Elliot Avila (MechE '14) writes about his return to India over the summer to continue work with Avani
Over the summer of 2012, a team of current and former D-lab students – Nathan Landman (Bio Engineering '15), Kristin Kagetsu (MechE '12), and myself – travelled together to work with Avani Kumaon in the mountainous regions of northern India. Avani works to promote sustainable farm and artisan-based livelihood opportunities in the remote reaches of the Himalayas and has been a partner of D-lab for several years, sending staff members to IDDS and collaborating with teams of students on various projects. Kristin and I had both visited Avani over IAP 2012 as part of the India team from D-Lab: Development. With the support of D-lab, the UROP office, and the International Development Initiative at MIT, we were able to travel back with the hopes of making progress on the projects that we had started over the course of the year.
The trip was quite the experience for each of us. We ate great food, met amazing people and experienced their unique culture, and made satisfying headway on our projects. I had the opportunity to redesign a dryer that I had worked on over IAP and we used it to make the sun-dried tomatoes that topped the very first Avani pizza! And we all got a chance to dance, sing songs, and tell stories at Avani's new montessori school. Trust me when I say that it was harder than it sounds, but also extremely rewarding and fun.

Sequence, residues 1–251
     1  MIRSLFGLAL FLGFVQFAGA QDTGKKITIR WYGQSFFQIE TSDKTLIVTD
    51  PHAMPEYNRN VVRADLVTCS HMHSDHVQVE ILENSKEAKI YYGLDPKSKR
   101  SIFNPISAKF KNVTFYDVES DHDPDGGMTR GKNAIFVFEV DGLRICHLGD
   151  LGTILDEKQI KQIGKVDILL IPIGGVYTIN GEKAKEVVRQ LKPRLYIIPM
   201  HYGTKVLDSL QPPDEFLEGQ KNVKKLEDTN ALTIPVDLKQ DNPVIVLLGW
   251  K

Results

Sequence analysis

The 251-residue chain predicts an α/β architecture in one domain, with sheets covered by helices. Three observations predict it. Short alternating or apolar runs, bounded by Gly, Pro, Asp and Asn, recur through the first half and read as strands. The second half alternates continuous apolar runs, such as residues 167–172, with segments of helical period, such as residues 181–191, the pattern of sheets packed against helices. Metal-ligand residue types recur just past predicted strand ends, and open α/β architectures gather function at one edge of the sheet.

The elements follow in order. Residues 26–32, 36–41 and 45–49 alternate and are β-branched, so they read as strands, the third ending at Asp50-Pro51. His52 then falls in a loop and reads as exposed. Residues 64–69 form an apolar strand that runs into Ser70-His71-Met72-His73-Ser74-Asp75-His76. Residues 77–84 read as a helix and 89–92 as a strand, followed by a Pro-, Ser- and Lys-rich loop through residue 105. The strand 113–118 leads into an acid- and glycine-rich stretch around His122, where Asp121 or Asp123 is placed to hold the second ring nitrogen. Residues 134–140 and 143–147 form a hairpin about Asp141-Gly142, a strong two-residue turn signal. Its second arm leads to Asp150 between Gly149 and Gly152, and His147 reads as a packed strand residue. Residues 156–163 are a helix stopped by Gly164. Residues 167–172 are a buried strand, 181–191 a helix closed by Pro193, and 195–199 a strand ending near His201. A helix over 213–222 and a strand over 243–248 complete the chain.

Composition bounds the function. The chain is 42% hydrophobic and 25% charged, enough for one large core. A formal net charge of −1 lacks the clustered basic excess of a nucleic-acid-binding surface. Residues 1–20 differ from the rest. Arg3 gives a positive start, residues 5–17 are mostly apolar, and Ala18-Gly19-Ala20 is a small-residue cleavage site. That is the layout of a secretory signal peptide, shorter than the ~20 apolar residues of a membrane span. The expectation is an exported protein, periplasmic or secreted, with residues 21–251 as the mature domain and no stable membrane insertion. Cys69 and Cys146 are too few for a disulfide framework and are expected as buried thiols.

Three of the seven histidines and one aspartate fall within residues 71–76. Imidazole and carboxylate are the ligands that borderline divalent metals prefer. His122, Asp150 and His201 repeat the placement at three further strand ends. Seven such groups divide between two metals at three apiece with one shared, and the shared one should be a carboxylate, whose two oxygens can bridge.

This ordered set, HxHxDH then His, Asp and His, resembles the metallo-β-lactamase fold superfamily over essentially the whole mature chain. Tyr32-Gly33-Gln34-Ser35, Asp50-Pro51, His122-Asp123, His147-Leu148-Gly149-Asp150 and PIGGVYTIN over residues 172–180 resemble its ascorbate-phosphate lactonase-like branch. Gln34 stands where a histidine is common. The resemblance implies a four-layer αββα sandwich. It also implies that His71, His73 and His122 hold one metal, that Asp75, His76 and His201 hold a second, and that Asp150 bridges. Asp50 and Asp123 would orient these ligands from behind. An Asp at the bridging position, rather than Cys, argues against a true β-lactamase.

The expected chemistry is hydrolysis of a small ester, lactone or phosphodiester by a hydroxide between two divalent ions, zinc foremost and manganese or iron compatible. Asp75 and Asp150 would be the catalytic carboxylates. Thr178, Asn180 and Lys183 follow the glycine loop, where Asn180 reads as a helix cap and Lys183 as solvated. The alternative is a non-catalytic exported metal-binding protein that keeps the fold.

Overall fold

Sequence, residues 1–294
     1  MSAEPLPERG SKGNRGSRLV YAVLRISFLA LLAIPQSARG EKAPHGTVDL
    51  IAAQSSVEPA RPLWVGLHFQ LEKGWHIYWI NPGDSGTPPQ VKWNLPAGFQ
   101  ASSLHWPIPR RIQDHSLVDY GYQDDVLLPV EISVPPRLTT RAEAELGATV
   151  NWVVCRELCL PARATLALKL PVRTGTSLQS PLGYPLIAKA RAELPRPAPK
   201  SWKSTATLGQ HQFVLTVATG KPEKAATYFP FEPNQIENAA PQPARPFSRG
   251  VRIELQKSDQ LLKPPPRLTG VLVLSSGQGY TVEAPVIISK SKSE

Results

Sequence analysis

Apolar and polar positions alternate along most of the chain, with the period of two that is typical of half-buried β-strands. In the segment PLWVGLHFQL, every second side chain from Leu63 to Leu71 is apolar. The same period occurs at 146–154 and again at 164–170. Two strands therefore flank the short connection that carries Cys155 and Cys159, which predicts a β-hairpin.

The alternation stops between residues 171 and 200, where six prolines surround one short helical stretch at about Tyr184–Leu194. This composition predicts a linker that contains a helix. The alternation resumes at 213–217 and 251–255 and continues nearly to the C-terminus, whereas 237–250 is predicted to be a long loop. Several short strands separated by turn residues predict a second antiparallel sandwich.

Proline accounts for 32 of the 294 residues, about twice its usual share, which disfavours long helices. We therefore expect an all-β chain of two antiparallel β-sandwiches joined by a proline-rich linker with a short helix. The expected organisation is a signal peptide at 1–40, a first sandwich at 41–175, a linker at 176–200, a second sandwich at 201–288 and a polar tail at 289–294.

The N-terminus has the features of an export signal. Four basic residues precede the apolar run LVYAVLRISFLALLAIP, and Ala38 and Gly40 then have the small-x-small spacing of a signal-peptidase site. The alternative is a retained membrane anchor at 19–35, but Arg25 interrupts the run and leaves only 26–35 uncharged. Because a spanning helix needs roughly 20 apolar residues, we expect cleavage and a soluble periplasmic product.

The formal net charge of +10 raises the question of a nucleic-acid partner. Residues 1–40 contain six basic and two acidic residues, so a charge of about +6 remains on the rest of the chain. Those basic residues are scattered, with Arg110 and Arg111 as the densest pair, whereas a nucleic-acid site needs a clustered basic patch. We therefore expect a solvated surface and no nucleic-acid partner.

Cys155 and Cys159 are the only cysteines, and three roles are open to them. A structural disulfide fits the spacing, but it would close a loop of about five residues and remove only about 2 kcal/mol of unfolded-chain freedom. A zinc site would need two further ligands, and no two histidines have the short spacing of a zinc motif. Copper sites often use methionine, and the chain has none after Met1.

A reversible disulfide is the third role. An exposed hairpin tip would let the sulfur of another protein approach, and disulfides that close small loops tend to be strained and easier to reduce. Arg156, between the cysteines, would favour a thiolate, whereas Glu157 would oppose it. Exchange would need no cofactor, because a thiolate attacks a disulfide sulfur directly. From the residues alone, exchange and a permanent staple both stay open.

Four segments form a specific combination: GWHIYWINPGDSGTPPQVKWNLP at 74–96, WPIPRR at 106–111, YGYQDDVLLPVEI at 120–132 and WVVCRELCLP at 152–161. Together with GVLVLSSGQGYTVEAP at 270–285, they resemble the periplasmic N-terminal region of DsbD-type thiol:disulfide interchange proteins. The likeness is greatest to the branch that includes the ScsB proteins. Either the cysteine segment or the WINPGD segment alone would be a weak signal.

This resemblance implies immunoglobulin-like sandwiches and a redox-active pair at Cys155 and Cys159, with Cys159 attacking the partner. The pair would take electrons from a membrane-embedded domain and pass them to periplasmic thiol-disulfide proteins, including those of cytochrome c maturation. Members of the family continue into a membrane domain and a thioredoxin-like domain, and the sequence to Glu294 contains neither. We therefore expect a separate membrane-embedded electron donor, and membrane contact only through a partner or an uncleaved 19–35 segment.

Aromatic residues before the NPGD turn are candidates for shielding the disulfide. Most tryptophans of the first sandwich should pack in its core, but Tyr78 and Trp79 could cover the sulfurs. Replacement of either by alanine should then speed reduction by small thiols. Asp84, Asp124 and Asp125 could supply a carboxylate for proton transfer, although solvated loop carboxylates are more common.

Our biggest project though was our continuing work with Avani to develop a new product – artisanal, natural-dye crayons. The crayons are made with beeswax and natural pigments derived from various plants that are found naturally in the hills surrounding Avani, and work on the crayons had continued beyond IAP to become a D-Lab: Design project in Spring 2012. We spent our time perfecting the recipes to create vibrant, smooth colors and figuring out an environmentally friendly manufacturing process to mass-produce the crayons. In Boston, we’ve attended workshops to develop a business strategy and are continuing to work with Avani, and other former D-lab students, to try and bring the product to the marketplace. We're in the process of talking to retailers, so don’t be surprised if you see stores selling Avani-made crayons in the upcoming year!
Click here for more information on how the International Development Initiative supports ID at MIT
Click here to view a short documentary (2007) on the work of Avani in northern India